"________," I reinforced, "you do not talk to your Mama that way.  You say you're sorry to Mama."

Silence.  "________, look at me."


I took his head in my hands and turned him toward me, looking him in the eyes with my best Mama Means Business look.  "________, that was not nice to hit your Mama.  You say you're sorry to Mama."

Biggest, cutest doe eyes ever in the history of the planet.

"Sorry Mama," followed by a ridiculously sweet smile.

I swear I want to weep just writing that.  It is the biggest, most amazing sense of relief to have your child do the right thing, especially when a standoff is involved.  Every moment like this, when he cleans up his toys as requested or has a food-throwing do-over and skips the throwing the second time around (for example), feels like a tiny "meets standards" in the performance review of 18+ year job.

I have a huge sense of gratitude for the parental role models I find in my parents--especially my Mom, since she takes care of my son while I'm working.  Although my parents are both full of grandparental love and have super squishy soft spots in their hearts for my boy, they are not push-overs and they never undermine my parenting wishes.  And more than that, they can see ahead to how the disciplining decisions made now will affect my son's future, so they are willing to do the hard stuff even when I'm feeling lazy or overwhelmed.  I think it would be such a gift if all children could have this extra set of love and also tough love around in their young lives.


The GGA Project -- Day #207 "Slow Food, Kinda Fast"

What a great day.  I got an early start at the gym before Monkey woke up and then managed to have us both out of the house in time to catch a 10am movie in Dublin.  The only thing that could possibly motivate me to get us to the movies by 10am is the fact that tickets were $1.  Yes, that is ONE DOLLAR, folks!  Of course, knowing that this theater is offering this $1 series on Tuesday and Wednesday mornings this summer, every other parent in the surrounding area was there as well.  No matter, Monkey, Nicole, Maya, Sureya and I still managed to grab seats for Despicable Me, a really cute movie that actually made me cry in the end.  It was very sweet.

We were all pretty hungry when we got out of the theater, so we headed straight for a little cafe-type restaurant I'd seen and been curious about.

Today's New Activity: Lunch at the Red Tractor

Red Tractor's website is pretty sparse, but from what I gleaned in the restaurant their aim is to bring some down-home cooking to fast-ish food.  The set up is pretty quaint...like maltshop meets barn.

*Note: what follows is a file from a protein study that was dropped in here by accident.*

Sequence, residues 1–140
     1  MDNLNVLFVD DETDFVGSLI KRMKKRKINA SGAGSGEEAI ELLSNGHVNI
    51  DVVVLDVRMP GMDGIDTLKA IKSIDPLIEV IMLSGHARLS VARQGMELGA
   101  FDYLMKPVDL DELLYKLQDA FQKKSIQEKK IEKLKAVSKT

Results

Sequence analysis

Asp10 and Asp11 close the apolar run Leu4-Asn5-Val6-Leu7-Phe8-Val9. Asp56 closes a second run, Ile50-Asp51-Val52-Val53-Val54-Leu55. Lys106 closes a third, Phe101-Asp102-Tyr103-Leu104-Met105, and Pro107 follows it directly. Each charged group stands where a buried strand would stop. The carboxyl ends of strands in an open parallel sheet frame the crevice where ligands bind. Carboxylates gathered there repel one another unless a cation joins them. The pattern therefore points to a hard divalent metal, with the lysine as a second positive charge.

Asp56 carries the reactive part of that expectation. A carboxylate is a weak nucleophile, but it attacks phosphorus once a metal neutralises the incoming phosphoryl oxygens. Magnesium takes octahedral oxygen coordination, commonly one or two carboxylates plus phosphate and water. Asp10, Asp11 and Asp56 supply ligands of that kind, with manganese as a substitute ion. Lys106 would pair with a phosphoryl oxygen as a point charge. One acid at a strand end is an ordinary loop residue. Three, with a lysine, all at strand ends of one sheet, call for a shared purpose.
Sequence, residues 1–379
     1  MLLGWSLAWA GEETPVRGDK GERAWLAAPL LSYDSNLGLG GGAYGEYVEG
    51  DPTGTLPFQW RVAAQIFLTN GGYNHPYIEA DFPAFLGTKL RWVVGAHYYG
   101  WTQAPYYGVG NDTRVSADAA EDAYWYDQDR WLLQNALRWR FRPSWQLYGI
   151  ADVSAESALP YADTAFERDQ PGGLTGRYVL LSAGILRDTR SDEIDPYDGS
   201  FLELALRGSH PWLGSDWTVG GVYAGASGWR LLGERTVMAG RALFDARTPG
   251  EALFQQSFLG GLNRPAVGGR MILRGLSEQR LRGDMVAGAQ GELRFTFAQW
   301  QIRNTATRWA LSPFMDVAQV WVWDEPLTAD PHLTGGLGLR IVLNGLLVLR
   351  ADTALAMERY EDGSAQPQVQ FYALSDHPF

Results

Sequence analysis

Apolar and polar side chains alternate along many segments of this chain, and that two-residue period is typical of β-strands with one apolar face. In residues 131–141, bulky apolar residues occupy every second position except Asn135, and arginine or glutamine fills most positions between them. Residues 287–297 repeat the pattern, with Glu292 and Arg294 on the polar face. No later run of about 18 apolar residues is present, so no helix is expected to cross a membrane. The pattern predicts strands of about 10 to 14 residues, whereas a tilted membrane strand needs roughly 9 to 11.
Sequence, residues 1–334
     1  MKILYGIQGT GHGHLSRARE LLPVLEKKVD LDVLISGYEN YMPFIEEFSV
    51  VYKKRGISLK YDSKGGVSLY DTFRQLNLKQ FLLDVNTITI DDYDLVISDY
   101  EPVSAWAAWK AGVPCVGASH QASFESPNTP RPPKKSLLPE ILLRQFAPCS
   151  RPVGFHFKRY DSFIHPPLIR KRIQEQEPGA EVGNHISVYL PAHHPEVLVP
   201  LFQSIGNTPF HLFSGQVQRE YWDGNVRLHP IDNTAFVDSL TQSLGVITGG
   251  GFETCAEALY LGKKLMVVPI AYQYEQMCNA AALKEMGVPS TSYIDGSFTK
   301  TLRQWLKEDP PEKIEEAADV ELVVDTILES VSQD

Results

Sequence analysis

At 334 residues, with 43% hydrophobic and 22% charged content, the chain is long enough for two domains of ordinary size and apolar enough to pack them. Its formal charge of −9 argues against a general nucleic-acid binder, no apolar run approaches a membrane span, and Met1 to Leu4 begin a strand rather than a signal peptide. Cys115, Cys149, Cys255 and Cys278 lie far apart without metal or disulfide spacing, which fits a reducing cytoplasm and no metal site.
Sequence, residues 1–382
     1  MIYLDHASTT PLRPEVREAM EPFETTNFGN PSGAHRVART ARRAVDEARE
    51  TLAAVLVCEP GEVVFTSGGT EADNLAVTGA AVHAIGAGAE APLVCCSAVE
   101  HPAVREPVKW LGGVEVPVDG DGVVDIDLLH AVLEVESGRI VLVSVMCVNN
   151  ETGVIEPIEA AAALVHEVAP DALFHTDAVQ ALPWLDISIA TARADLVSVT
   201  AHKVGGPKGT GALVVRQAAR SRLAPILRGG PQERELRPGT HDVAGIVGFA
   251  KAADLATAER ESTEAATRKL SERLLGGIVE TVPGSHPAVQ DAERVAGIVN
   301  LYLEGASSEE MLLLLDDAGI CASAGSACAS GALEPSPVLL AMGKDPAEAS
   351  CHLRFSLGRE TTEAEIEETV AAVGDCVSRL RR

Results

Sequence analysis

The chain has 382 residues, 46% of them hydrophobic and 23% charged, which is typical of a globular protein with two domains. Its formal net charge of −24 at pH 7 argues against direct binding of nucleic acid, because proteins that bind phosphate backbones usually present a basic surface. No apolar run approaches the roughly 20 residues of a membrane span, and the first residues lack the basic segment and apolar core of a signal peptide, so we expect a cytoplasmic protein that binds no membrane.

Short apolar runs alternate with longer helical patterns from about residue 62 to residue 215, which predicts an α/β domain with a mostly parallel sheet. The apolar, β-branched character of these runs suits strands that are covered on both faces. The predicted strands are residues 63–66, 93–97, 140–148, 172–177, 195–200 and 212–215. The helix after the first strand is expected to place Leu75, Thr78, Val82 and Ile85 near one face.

I took the occasion to order a meal worthy of a Paula Deen episode.  I think I was answering the "how much starch can you pack onto a single plate?" question with this one:

While it was *pretty* good, I wouldn't say any of the single side dishes here were anything to write home about.  Nicole really liked the burger she ordered, but I'm thinking a hot summer day just wasn't ideal for this comfort food extravaganza.  Or maybe I just wasn't in need of comfort today :)

And I wasn't.  I was having one of those days where everything looked beautiful to me.  It seemed that any direction I glanced in gave me a peek into some tiny bit of wonder--an exchange between two people, the look on someone's face, the light through the trees, the whole mess of it.

This continued through the afternoon, as the kids played on the Slip n' Slide in the backyard and Nicole took super cute and charming pictures of them using her Retro Camera app for Android.  It continued into the evening, while I enjoyed some alone time over, first: pizza, then: coffee.  Winning combo.

I think it's important to strike while the iron is hot on days like this.  These are the days when I feel life is one big, wide open opportunity for love and laughter and success and failure and joy and pain and all of it feeding into a big ocean of experience that IS our existence.  And since I have no proof whatsoever that anything exists outside of this one lifetime, I'm just going to ride all the waves this ocean sends my way the best I can--navigate the ebbs and the flows and sometimes take to the surfboard, toes forward, arms out, head back and sun on my face....all the way to shore.